To evaluate whether community‐based health insurance () protects household assets in rural urkina aso, frica.
Data were used from a household panel survey that collected primary data from randomly selected households, covering 41 villages and one town, during 2004–2007( = 890).
The study area was divided into 33 clusters and was randomly offered to these clusters during 2004–2006. We applied different strategies to control for selection bias—ordinary least squares with covariates, two‐stage least squares with instrumental variable, and fixed‐effects models.
Household members were interviewed in their local language every year, and information was collected on demographic and socio‐economic indicators including ownership of assets, and on self‐reported morbidity.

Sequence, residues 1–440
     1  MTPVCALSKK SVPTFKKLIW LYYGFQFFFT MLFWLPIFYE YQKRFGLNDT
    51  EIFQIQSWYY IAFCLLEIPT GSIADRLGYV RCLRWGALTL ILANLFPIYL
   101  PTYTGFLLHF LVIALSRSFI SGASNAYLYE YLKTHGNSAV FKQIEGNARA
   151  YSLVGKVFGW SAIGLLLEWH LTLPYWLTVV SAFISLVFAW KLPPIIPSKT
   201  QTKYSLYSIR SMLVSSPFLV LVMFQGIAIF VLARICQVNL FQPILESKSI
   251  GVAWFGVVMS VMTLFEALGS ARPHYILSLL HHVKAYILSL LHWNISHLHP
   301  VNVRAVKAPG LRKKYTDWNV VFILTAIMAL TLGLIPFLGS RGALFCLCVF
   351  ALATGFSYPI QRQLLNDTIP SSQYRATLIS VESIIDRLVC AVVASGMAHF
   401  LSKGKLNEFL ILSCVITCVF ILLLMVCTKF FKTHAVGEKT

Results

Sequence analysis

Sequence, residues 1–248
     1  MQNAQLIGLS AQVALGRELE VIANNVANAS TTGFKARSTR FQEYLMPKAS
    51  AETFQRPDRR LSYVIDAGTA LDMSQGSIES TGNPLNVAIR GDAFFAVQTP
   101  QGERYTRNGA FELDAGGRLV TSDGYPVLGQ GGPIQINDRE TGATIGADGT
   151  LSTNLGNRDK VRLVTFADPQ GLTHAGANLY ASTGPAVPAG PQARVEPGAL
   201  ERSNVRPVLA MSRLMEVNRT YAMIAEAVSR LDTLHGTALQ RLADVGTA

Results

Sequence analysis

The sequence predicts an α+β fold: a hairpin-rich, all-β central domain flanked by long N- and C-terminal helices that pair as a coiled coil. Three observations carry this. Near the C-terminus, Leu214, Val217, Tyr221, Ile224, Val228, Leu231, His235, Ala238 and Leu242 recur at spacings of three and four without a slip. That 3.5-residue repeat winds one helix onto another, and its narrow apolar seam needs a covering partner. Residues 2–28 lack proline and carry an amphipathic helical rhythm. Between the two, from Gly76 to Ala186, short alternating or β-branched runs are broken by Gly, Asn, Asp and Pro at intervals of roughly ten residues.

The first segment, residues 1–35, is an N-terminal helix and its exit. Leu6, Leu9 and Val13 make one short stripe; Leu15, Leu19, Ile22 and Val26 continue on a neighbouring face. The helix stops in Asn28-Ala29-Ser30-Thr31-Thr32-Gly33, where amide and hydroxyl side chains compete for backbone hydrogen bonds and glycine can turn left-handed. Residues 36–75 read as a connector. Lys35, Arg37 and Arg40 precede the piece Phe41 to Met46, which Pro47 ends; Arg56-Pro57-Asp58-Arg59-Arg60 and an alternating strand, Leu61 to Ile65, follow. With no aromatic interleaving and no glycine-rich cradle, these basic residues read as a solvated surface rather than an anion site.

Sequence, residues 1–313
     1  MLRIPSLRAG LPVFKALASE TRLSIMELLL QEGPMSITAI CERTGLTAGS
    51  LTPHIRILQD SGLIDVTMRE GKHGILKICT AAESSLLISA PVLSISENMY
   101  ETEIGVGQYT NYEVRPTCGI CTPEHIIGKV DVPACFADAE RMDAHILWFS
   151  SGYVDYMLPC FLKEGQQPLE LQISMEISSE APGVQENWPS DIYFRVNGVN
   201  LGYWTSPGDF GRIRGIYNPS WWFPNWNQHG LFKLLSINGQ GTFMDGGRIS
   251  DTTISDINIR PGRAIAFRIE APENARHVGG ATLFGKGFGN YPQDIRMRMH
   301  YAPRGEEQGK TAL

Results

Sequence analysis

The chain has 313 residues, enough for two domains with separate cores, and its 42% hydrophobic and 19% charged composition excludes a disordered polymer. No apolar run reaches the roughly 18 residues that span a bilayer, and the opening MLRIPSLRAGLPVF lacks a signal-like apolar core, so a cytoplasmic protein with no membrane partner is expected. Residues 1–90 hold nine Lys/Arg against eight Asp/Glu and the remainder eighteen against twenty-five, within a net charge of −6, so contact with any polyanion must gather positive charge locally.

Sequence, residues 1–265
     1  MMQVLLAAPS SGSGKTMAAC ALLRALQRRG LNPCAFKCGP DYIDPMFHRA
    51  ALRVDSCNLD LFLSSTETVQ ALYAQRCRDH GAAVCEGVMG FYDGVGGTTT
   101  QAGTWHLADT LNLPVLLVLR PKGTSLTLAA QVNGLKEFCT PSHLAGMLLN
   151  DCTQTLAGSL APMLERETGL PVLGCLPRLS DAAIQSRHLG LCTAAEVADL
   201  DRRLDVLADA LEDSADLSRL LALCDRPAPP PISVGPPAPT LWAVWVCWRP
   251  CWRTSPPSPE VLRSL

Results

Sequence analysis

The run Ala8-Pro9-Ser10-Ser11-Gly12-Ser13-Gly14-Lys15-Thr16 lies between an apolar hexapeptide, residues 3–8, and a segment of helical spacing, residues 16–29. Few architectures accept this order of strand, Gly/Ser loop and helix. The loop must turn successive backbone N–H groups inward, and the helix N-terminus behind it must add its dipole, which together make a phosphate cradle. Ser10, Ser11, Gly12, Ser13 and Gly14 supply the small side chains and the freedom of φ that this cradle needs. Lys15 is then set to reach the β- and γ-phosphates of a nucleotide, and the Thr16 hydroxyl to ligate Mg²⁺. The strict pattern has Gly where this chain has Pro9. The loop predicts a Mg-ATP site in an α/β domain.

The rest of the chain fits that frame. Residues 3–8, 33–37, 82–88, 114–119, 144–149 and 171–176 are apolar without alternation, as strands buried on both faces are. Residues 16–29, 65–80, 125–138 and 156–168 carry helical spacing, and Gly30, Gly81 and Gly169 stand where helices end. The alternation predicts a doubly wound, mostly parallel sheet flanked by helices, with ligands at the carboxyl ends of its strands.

Fixed‐effects and ordinary least squares models showed that protected household assets during 2004–2007. The two‐stage least squares with instrumental variable model showed that increased household assets during 2004–2005.
In this study, we found that has the potential to not only protect household assets but also increase household assets. However, similar studies from developing countries that evaluate the impact of health insurance on household economic indicators are needed to benchmark these results with other settings.